Study design


ADCC was carried out with immunomagnetically selected NK cells (CD56+ microbeads; Miltenyi-Biotec, Gladbach, Germany) from 7 healthy donors and with mononuclear cells (MNCs) from 16 pediatric patients with ALL, AML/MDS (myelodysplastic syndrome) and others after transplantation. The patients received positive-selected CD34+ peripheral stem cells (CLINIMACS; MiltenyiBiotec) from unrelated or mismatched related donors with a median number of only 7000 residual T cells/kg body weight. No posttransplantation immunosuppression was administered to patients with completely depleted grafts. Six patients received T-cell add-backs and a short course of cyclosporin A. This study was approved by the ethical committee of the University of Tuebingen. Informed consent was provided according to the Declaration of Helsinki.

Generation of the CD19-specific chimeric (immunoglobulin G1 [IgG1] kappa) antibody CD19-4G7chim

Variable heavy- and variable light-chain sequences were amplified by polymerase chain reaction (PCR) from the DNA of CD19-reactive scFvs previously generated from the hybridoma 4G716 by the phage display technique using standard procedures.17,18 Cleavage sites for restriction enzymes were introduced and subsequently used for the insertion of these fragments into the baculoviral expression vector pAc-K-CH3.19 Sf21 insect cells were cotransfected with the baculoviral expression construct and Sapphire Baculovirus DNA (Orbigen, San Diego, CA). Purification of the secreted recombinant protein from culture supernatants was performed by protein A agarose affinity chromatography.

Cytotoxicity assay

Effector cells were stored overnight, either without or with interleukin-2 (IL-2) at 40 or 1000 international units (IU)/mL. The MHH4 cell line (DSMZ, Braunschweig, Germany) and cryopreserved primary B-lineage ALL blasts from 4 patients were used as target cells in a 2-hour BATDA europium release assay (Wallac, Turku, Finland). The blasts expressed CD10, CD19, and CD34 (> 90%), but all were CD20. MHH4 cells expressed both CD19 and CD20 (> 95%). Cytolytic assays were performed as published9 by using antibody concentrations of 0.15 to 0.4 μg/mL (CD19-4G7chim or chimeric CD20 IgG1 antibody; Mabthera; Roche, Basel, Switzerland). For blocking experiments the murine IgG2a antibody W6/32 (Dako, Hamburg, Germany), specific for human HLA class I, or W6/32 Fab fragments were used.20,21 Only those assays were evaluated for which the spontaneous release was less than 25% (MHH4) or less than 30% (blasts).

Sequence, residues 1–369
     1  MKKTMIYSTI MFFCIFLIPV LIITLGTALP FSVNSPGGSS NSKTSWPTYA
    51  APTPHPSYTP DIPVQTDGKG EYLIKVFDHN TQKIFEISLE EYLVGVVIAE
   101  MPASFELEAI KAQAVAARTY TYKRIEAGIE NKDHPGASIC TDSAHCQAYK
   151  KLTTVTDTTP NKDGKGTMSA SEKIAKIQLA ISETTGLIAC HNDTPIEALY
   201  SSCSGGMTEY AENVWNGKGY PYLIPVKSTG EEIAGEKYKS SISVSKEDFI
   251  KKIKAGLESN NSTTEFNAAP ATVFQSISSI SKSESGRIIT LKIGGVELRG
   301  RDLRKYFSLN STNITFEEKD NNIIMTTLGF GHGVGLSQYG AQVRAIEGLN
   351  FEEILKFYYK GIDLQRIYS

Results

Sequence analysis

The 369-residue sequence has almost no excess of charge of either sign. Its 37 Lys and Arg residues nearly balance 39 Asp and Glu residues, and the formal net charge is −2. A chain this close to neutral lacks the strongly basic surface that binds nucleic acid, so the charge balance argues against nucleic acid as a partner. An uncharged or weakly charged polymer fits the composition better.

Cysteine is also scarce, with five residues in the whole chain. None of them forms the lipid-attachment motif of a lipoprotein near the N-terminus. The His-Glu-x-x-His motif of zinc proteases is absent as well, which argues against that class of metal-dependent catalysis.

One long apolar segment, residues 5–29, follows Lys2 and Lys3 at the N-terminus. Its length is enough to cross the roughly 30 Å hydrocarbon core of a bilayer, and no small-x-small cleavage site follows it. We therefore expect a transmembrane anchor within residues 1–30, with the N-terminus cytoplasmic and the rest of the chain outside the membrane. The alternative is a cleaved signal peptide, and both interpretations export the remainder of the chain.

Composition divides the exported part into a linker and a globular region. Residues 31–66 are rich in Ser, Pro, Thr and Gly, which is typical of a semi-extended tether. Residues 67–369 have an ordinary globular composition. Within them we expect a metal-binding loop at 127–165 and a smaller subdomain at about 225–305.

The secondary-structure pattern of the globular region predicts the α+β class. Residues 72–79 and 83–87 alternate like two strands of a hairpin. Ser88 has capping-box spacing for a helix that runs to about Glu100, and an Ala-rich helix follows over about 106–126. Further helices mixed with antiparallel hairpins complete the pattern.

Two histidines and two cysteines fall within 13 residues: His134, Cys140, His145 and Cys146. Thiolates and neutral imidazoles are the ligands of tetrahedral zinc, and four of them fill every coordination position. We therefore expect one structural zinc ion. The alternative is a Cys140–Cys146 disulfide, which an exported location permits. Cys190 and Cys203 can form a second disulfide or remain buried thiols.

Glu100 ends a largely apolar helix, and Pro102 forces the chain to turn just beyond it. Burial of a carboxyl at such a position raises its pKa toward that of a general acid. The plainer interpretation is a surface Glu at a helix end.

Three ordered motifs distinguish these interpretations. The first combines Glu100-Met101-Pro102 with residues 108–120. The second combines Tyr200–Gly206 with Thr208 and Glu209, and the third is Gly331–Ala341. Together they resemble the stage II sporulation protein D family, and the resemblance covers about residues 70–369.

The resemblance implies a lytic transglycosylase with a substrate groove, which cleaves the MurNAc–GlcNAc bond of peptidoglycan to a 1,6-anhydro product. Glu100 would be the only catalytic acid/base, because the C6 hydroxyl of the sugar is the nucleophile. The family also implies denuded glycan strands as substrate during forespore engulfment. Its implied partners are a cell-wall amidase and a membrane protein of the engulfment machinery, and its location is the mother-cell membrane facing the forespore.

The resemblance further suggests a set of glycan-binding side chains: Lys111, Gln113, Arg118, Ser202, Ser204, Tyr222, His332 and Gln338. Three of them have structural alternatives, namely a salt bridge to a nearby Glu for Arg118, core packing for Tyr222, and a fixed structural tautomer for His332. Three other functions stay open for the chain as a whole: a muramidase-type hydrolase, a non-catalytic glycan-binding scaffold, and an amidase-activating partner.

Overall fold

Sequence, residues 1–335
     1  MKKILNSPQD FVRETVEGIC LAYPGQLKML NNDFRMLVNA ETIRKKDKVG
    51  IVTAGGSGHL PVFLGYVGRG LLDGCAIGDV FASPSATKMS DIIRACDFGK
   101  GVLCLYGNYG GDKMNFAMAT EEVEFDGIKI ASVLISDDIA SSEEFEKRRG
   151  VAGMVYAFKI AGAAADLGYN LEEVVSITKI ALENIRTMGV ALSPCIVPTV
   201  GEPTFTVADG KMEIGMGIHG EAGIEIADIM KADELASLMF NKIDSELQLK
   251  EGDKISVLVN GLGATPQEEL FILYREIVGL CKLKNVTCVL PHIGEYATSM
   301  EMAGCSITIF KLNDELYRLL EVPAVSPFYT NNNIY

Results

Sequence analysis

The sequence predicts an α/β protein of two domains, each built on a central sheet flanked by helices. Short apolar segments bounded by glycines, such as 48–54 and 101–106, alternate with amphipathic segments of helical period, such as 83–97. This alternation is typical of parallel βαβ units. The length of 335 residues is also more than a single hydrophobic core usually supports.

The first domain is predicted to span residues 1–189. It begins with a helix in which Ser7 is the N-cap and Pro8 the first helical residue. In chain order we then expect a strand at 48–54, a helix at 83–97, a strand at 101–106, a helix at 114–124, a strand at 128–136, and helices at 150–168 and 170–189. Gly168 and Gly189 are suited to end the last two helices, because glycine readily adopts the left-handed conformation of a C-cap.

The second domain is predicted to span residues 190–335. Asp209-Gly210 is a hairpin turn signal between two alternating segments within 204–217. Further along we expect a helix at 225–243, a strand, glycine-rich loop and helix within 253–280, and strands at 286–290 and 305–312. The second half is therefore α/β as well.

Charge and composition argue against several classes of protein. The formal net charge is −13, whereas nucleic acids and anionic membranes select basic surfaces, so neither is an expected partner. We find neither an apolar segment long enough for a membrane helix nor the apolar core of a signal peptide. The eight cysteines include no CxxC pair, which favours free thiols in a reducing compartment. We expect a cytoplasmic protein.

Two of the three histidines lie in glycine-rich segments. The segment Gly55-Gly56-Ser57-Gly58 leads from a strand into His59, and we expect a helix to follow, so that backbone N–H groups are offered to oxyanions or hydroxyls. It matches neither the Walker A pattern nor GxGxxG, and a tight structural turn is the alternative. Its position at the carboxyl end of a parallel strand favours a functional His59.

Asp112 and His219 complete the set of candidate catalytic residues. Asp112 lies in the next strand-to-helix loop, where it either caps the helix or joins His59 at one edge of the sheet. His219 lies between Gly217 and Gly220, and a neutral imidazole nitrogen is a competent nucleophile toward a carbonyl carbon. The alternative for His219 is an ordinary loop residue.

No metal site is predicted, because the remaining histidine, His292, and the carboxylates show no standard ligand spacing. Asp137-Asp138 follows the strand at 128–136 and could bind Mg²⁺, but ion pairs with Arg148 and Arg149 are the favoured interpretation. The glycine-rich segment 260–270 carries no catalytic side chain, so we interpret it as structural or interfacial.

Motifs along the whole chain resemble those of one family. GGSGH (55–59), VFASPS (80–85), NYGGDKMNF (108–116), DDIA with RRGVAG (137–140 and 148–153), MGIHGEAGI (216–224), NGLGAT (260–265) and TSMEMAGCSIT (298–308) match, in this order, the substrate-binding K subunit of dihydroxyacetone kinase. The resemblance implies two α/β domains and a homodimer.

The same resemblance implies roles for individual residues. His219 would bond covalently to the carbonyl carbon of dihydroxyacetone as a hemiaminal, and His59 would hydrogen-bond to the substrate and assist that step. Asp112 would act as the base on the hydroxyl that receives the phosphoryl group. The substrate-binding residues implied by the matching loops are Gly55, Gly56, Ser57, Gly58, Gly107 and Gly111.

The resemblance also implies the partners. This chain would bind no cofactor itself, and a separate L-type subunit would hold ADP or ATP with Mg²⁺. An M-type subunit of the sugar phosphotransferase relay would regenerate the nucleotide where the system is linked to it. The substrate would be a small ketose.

Statistical analysis

Differences in specific lysis of targets were analyzed by the paired Wilcoxon rank sum test.

Results and discussion

Childhood B-lineage ALLs consistently express CD19.22 In our experience, only 12% of pro-B, pre-B, and common ALLs expressed CD20, but all leukemic cells were uniformly positive for CD19. Therefore, a high-affinity chimeric CD19 antibody (CD19-4G7chim; KD, 5.5 ± 1.7 × 109 M) was constructed and expressed in Sf21 insect cells.